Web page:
This might mean funny memes relatable to their industry or work. But also a more serious post on LinkedIn. You can use the same topic to create both social posts – it’s the approach.

Delving Deeper

Another point people mistake is that social media isn’t just about posting; it’s about connecting with your audience.

Once you look at your content and think “how can I use this on Instagram to connect with my audience there” ideas will come more easily. 

Imagine speaking to a group of business professionals the same way you’d chat with friends at a barbeque.

It would be weird right?

Similarly, LinkedIn, a platform for professionals, requires a different tone and style compared to Instagram, where users often seek visual entertainment and maybe on LinkedIn they want to read an article.

Don’t sacrifice your brand tone and voice. How would your brand speak in a professional setting versus chatting with a friend? If your brand is casual, stay casual. But also be mindful of how your audience is thinking when they see something on different platforms.

To truly resonate, your content should ‘speak the language’ of each platform’s audience.

Steps for Context-Driven Content

Analyze Your Audience

Understand the demographics and psychographics of your followers on each platform.

All platforms have a demographics for your company pages and some (LinkedIn) will break down your audience into more detail than others. 

You can see the age and gender demographics along with interests and you can even go into the accounts of people following your page and see who else they follow.

Platform Research

Spend some time on each platform. Get a feel for the tone and type of content that works best.

This will require some testing. Whether you are new or seasoned and not seeing traction on a platform. Take a good guess based on what you know about your audience’s mindset on that platform, then alter your caption and visuals to see what hits.

The same content might actually hit well on LinkedIn and Instagram, but you have to test it.

Repurpose with Purpose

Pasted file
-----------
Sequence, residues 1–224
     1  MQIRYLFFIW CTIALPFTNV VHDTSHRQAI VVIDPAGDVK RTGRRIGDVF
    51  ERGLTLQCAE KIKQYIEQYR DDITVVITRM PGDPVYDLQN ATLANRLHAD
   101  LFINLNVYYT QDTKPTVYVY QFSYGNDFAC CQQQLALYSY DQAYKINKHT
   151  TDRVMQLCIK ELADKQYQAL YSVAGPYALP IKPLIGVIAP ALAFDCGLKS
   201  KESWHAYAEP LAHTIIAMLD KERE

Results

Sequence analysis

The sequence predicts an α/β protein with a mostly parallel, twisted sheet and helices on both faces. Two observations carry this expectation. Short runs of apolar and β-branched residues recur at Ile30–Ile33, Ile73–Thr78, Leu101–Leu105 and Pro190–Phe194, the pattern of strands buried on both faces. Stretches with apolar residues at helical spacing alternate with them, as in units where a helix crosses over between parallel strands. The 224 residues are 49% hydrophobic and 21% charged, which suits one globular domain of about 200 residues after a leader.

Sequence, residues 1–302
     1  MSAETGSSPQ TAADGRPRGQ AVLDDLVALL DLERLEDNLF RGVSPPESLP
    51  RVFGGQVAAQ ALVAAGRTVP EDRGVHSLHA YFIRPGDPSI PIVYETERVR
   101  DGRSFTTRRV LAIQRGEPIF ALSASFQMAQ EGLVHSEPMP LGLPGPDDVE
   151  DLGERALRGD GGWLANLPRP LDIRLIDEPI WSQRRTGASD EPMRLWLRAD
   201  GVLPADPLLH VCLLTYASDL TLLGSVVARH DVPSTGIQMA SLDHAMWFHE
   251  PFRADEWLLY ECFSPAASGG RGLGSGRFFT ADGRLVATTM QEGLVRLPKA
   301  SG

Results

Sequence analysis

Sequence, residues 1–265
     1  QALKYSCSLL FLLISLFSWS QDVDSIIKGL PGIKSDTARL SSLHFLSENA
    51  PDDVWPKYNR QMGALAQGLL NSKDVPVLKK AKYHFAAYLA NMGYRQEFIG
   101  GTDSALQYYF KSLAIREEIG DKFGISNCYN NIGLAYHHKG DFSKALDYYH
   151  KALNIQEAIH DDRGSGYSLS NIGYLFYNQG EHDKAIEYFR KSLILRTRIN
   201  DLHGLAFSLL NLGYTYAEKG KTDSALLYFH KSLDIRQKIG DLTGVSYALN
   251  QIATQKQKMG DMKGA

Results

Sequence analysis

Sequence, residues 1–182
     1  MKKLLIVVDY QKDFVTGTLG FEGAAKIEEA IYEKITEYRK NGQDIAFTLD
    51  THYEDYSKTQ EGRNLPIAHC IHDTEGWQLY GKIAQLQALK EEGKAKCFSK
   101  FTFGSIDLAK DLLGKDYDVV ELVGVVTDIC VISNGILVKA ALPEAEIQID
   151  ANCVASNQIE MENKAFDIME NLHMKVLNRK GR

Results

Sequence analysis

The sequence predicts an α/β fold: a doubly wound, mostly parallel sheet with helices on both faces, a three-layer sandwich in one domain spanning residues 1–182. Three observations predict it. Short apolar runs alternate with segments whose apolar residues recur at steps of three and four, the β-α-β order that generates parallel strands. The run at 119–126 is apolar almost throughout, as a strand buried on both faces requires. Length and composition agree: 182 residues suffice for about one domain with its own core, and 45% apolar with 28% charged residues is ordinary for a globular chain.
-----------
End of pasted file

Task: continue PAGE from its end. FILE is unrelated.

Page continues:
Instead of copying, adapt your content. 

For LinkedIn, add a professional twist, change the tone or the words in the caption. For Instagram, make it more visually appealing. 

There doesn’t have to be a stark contrast between the two posts, it may be as simple as size of the image or tone of the caption.

Use Platform Features

Each platform offers unique tools (like polls, stories, or live videos). Utilize these features to get into good graces with the algorithms and to enhance engagement.

Also utilize the types of post resonating on those platforms (Reels, Vertical Video, Carousels, Memes, Articles, Slides, Polls etc.)

Monitor & Adjust

After posting, monitor your engagement rates. If a post doesn’t perform well, consider why and adjust your strategy accordingly.

Some of this is a guessing game and testing over time will help you decipher what consistently works and on which platforms.

Remember, meeting your audience where they are isn’t about compromising your message; it’s about presenting it in a way that’s most receptive to them where they are. It doesn’t mean you have to create a different post for each platform, it just means there might be a few adjustments across platforms for the same content. 

Just be mindful, don’t stress yourself and your team trying to customize each piece of content. Make adjustments to test different tone, or formality on platforms that aren’t getting much engagement.